In the good old days (before coronavirus), many people could rely on working longer to wrangle a wayward retirement plan back on track. Not anymore. The devastating loss of jobs set off by the COVID-19 pandemic is depriving many folks who planned to retire this year of that lever, as retirement expert Professor Wade Pfau tells ThinkAdvisor in an interview.
Another crushing change: The 4% rule of thumb for income withdrawal in retirement has shriveled to only 2.4% for investors taking “a moderate amount of risk,” according to Pfau’s latest calculations.
The multi-award-winning retirement authority is professor of retirement income and co-director of The New York Life Center for Retirement Income at The American College of Financial Services. Host of the blog Retirement Researcher, the chartered financial analyst holds a doctorate in economics from Princeton University.
In the interview, Pfau stresses that investors typically fall into the “trap” of depending on investment portfolios as the chief way to fund their retirement. Now, many of these folks who are at retirement find themselves needing a life raft.
(Free Webinar on April 16: Stimulus Plan Update: Tax Impact of Early Withdrawals & RMD Waivers)
Acquiring an annuity would have prevented such a dire scenario, he argues, and suggests two types to buy right now to help meet retirement income needs and avoid spending cuts.
For those planning to retire in 2020, he urges to not put off buying an annuity: Because of the steep decrease in interest rates, annuity payment rates have dropped and “could go down further,” he says.
In our conversation, he discusses retirement planning strategies at this chaotic juncture for both the “overfunded” and “underfunded” and two “buffer” assets that can help the latter.
ThinkAdvisor held a phone interview with Pfau, 42, on April 1. He revealed his own early-retirement timetable, which, he says, could now be delayed because of the severe market downturn.
Here are excerpts from our interview:
THINKADVISOR: Suppose an individual or couple were planning to retire this year. In view of the financial damage the pandemic has wrought, what should they be considering now?
WADE PFAU: They need to look at how much it will cost to fund their retirement goals and how much they have. For people who are still overfunded and have sufficient assets, this might be a good wake-up call to take some risk off the table, lock in goals and not expose themselves to [further] market volatility.
What about those who are underfunded?
They may need to look at alternative [techniques], especially if they can’t work for a longer time period. If they have much lower portfolio balances, they may have to scale back some of their expenses temporarily — cut spending now — which can help a lot to manage the risk of what’s happening [in the market]. This will give their portfolio more chance to recover. They won’t necessarily be looking at a permanently lower withdrawal rate.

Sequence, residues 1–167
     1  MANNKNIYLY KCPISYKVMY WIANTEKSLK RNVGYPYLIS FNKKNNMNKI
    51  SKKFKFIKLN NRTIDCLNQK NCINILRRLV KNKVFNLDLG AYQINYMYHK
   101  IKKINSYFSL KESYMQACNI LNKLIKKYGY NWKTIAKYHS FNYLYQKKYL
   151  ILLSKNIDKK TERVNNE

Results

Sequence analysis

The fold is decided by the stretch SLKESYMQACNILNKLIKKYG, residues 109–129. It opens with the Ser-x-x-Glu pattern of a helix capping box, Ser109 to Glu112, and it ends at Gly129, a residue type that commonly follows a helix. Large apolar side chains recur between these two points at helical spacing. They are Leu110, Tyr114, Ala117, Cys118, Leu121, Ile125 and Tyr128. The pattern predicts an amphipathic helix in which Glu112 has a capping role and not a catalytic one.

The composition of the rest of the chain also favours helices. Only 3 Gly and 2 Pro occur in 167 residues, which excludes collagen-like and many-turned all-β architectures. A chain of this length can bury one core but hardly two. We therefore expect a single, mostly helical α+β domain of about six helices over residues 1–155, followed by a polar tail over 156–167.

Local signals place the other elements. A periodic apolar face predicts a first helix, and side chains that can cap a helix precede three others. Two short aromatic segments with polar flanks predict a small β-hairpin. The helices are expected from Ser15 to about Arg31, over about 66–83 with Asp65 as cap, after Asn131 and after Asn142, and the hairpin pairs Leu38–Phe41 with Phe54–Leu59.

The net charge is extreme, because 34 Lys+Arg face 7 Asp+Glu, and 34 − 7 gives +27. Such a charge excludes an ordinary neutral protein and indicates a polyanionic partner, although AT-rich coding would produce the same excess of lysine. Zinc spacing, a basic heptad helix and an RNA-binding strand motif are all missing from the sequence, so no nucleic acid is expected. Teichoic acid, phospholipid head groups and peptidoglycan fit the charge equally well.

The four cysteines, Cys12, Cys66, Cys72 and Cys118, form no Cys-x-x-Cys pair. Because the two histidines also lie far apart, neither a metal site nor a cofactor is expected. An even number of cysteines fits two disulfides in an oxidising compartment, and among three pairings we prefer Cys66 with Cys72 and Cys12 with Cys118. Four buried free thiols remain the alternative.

When it comes to income planning, does the 4% rule of thumb in retirement still apply?
No. The probability that it would work is a lot lower now. It worked in the U.S. historically, but [previous years] never dealt with low interest rates and high stock market valuations at the same time.
What’s the so-called rule now?
I did some updates in mid-March; and for an investor taking a moderate amount of risk, I put out 2.4% as my equivalent of the 4% rule. That’s still about the same today.
It’s roughly half the amount of the traditional rule and means that a typical retiree would need to pull back spending significantly. Ordinarily, they’d have the option to delay retirement by working longer. What about now?
Working longer is the best way to get a retirement plan back on track, but the tragedy of the pandemic is that a lot of people may lose that lever, depending on which sector of the economy their job is in and other factors. However, those who do have the flexibility to continue working might look into it as a way to delay retirement.
You’ve said that during the first 10 years of retirement, market performance drives outcomes. But the market is in terrible shape. Is there a lesson to be learned here?
Yes. The pandemic and resulting market decline make it hard for people who are thinking of retiring this year. This speaks to [trying] not to fall into that trap: It’s a reminder that you can’t necessarily rely on a high rate of return from your investment portfolio as the key way to fund your retirement.
I assume you’re implying that many folks did just that?
Yes. [For example], during the long bull market, people put off getting an annuity: “Maybe I don’t really need an annuity because the stock market keeps going up. So I’ll be fine this way.”